NEW YORK, June 18 (Reuters) - Mid- and small-cap stocks rose on Monday, but a survey of fund managers showed highly split views about the outlook for the sector as well as a rise in bearishness that could be an early warning signal for the stock market next quarter.
The survey by Credit Suisse showed that although there was an almost even split over the direction of smaller cap stocks over the next three months, the level of bullishness has nearly fallen back to the low seen in the second quarter of 2011. Meanwhile, the level of bearishness has nearly risen to highs seen in the first and second quarters of last year.
As Credit Suisse noted, those views last year were prescient, coming ahead of heavy market losses.
“Though we continue to think that the current period of distress in equity markets is presenting a buying opportunity, this piece of our survey results does cast some doubt in our minds as to whether the Russell 2000 (small-cap index) has seen its lows for the year,” wrote Credit Suisse.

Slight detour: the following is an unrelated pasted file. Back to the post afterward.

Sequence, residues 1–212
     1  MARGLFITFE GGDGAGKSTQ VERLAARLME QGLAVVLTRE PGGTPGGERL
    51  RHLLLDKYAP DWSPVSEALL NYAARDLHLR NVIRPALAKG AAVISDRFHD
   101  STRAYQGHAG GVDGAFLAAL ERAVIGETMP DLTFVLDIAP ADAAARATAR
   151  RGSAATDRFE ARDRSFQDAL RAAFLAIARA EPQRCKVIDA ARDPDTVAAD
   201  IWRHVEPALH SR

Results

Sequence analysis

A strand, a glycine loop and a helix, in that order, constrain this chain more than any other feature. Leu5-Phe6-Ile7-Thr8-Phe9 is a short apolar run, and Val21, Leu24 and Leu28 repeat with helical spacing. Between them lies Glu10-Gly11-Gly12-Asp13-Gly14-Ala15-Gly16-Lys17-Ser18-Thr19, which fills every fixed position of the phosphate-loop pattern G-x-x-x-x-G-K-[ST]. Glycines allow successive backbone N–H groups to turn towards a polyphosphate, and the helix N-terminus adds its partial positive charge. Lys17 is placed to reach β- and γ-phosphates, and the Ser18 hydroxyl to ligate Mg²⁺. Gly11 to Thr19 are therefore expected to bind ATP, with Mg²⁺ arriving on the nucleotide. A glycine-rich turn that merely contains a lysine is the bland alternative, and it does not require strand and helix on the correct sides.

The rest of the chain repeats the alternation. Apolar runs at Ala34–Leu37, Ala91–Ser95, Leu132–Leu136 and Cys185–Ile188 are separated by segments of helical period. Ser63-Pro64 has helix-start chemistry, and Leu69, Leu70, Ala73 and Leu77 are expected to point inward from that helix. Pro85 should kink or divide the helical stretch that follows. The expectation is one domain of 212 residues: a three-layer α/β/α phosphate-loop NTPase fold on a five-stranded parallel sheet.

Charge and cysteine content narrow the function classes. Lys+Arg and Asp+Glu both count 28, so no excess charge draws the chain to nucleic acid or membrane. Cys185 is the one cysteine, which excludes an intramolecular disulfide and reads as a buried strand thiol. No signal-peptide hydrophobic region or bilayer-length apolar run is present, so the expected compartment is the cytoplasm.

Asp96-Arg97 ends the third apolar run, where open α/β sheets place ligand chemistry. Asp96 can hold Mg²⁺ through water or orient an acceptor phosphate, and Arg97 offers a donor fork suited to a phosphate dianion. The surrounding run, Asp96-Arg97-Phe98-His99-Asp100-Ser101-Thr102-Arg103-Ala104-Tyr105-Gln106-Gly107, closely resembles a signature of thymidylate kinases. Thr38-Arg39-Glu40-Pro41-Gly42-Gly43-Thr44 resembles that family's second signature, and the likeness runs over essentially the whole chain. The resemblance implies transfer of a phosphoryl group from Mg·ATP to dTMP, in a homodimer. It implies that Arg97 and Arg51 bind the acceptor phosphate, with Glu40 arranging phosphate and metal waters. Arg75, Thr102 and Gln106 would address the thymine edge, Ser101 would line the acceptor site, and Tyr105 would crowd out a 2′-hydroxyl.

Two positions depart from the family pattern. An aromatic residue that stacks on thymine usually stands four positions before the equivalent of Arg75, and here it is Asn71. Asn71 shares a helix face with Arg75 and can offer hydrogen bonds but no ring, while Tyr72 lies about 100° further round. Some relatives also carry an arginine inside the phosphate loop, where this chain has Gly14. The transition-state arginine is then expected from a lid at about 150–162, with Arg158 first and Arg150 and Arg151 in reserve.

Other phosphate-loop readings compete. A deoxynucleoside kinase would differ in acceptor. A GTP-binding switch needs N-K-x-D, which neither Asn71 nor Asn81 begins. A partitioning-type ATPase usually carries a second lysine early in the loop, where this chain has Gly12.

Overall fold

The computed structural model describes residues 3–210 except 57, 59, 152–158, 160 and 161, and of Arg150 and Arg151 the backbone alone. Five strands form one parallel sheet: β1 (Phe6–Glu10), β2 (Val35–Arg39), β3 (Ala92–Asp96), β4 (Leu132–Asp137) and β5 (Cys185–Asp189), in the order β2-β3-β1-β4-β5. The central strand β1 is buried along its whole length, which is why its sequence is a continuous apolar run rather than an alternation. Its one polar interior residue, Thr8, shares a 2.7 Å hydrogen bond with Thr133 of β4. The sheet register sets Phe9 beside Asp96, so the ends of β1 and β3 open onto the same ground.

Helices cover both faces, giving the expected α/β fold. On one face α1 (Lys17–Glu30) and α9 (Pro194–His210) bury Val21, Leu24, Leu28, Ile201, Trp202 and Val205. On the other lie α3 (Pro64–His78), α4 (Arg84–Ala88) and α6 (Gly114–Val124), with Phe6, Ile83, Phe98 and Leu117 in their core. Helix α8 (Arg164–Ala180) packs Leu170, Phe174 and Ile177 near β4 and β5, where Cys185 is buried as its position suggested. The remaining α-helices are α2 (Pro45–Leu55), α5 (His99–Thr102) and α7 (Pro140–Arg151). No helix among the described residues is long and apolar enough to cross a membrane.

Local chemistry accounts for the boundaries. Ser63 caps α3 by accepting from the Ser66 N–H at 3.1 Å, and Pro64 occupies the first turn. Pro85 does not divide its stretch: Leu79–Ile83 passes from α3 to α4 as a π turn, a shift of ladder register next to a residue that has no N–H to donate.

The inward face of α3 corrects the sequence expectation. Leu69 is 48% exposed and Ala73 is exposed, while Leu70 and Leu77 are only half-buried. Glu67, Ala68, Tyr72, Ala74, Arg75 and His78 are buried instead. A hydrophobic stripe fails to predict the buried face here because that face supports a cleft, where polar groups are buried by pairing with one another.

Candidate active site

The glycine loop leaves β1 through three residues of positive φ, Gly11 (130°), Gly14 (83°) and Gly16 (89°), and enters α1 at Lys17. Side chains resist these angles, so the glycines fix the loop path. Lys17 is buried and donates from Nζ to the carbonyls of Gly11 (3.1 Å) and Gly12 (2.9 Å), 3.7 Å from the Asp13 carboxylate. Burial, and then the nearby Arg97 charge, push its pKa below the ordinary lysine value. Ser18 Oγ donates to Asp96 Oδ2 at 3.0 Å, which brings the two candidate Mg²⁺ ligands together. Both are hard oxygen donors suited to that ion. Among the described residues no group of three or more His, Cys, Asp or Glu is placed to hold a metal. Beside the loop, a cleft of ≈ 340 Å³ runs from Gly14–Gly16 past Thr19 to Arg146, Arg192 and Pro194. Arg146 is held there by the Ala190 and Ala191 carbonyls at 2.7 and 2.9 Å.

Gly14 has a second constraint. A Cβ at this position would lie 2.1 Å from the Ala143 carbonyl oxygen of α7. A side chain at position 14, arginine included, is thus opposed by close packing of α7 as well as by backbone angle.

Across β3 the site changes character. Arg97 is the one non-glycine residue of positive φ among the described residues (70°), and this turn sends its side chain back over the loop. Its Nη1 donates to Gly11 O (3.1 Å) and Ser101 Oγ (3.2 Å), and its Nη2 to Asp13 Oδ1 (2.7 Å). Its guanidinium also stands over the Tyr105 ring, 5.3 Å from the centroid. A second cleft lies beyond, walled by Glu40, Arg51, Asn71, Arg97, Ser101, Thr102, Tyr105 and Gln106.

The survey was based on answers from 122 small and mid cap focused buy side and primarily long only investors on Credit Suisse’s client list.
There is plenty of scope for the bearish scenario. Trading was volatile on Monday after election results in Greece staved off immediate fears of Greece exiting the euro zone but did little to clam concerns about Europe’s debt crisis spreading.
On Monday the S&P MidCap 400 index gained 0.84 percent while the S&P SmallCap 600 index added 0.11 percent. In comparison, the benchmark S&P 500 rose 0.14 percent and the Russell 2000 index gained 0.16 percent.
Steel companies have been hit by the uncertain economic outlook. On Monday, AK Steel Holding Corp fell 2.8 percent to $5.17. The company forecast a second-quarter profit that fell short of analysts’ expectations and said it could not predict full-year earnings because of volatile market conditions and a drop in steel prices.
Body Central Corp, the woman’s retailer, slid almost 50 percent to $8.22 after it cut its second-quarter outlook as the company resorted to heavy discounting to clear out piled-up inventory.
On the upside, Ramtron International Corp rose 9.5 percent to $2.66. The chipmaker turned down rival Cypress Semiconductor Corp’s offer to buy the company for about $87.6 million, and said it would explore other options including a sale.